Two weeks before my wedding, I had a panic attack.
Though I had long wanted to be married, and I loved my fiancé madly, I – like many Millennials – had heard the horror stories of waking up 10 years into marriage and feeling trapped, lost, or dissatisfied. Why was I signing on for this?
Nothing has quelled those fears like actually being married – and loving it.
The main three reasons to stay single given by never-married participants in the Pew Research study cited in the Time Magazine article are:
- Too young/not ready to settle down: While I am not surprised that this was the main reason among the 18-24-year-old demographic, I am curious about the 11% of 35-and-olders who also chose this as their reason for remaining single.
- Aren’t financially stable: This was the lead reason cited by the 25-34-year-old crowd of never-married. Again, this seems about right. That’s my demographic. We graduated from grad school in the middle of the Great Recession. Many of us have a nervous tic aggravated by words like, “Roth IRA,” “investment portfolio,” and any other word describing the perks of a steady income.
- Haven’t found what they are looking for: This was the leading reason given by the 35+ group. I’m going to let the yentas and aunties of the world address that with the single adults in their lives.
I relate to all three of these reasons.
Marriage is a huge commitment. A bad marriage is a miserable thing. But a good marriage is a great thing. So we don’t need to marry less. We need to marry better. Before we talk about how the Millennial mentality undermines marriage, let’s give marriage a little credit. The article does acknowledge that we are probably not going to be the generation that ultimately eschews for all humanity the oldest institution in the history of mankind.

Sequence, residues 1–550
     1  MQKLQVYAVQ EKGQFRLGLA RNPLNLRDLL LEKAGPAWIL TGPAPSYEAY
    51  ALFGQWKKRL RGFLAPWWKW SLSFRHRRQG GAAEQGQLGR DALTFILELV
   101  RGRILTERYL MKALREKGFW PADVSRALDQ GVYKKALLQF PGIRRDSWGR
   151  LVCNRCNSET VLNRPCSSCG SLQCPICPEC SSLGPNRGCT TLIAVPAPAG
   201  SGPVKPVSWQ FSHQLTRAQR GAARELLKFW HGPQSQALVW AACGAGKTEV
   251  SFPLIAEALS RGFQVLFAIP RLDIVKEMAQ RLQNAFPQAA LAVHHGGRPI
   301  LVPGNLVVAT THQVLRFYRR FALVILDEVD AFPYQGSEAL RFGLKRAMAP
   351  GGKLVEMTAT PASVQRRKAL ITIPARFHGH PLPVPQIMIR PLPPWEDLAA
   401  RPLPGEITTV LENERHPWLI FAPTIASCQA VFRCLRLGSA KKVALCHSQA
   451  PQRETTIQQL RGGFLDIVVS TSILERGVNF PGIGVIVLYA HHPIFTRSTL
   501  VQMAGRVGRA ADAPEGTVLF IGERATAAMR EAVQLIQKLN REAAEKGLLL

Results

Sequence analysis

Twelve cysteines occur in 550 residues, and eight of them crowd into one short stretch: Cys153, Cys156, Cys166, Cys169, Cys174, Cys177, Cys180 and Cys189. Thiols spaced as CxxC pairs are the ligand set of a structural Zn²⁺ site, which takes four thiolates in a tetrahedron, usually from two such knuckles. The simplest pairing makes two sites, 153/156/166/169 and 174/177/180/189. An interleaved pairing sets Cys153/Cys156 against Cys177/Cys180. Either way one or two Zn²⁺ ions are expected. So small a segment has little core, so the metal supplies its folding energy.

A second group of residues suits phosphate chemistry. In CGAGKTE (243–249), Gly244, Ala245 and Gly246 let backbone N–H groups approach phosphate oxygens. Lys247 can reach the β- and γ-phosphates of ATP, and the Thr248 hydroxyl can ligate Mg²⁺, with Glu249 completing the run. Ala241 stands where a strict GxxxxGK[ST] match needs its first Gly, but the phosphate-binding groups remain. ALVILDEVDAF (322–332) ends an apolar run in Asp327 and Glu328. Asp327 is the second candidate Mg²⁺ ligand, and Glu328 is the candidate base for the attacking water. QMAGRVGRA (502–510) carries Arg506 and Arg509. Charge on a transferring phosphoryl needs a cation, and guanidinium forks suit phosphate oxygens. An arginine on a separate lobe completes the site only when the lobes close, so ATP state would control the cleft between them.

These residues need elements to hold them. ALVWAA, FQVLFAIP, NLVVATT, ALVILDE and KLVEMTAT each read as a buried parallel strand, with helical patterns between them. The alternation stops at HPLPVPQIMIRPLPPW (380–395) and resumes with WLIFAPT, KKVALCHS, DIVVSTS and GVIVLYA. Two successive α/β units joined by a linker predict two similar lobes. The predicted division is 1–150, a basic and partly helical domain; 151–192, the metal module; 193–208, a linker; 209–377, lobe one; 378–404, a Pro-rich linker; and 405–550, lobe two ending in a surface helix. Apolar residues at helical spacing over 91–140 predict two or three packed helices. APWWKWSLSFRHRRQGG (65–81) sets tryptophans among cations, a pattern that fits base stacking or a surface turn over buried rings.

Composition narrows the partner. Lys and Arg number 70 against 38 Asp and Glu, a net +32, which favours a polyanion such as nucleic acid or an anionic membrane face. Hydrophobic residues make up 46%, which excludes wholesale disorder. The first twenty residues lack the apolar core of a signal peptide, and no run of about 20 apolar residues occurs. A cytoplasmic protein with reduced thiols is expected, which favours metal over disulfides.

Here is how marriage waltzed into my life, tossed its rakish brown hair, and said, with a sultry glance, “I think you’re going to be fine.”
Reason No. 1: Too young, not ready to settle down
For me, this was the fear that I was going to miss out on life if I “tied myself down.” What if I wanted to move to San Francisco? Or Stockholm?
Though I wonder if by “missing out” people mean “I haven’t slept with enough people yet,” or “I haven’t hung out alone in enough bars.” If that’s really how someone feels, then they clearly aren’t going to be keen on marriage.
Most other diversions, however, are still fair game.
Married people travel. Married people pack it all up and move to a different country. Married people get tipsy at bars together. They get tattoos together. They go to parties.
And they change together.
That change is another scary thing that turned out to be not so scary. Loving someone and being considerate inevitably matures you. There seems to be a fear of becoming a lame, boring person once you are married.
My experience, and I may be alone in this, is that in marriage my inner lame person was finally free to run wild. And by run wild I mean to snuggle up on the couch and read on a Friday night. Someone loves me for who I am…which gives me the confidence to make the dance party in my kitchen the only dance party I attend all month.
So while we still do all the fun stuff we did before we were married, we no longer have to do the stuff we never liked in the first place.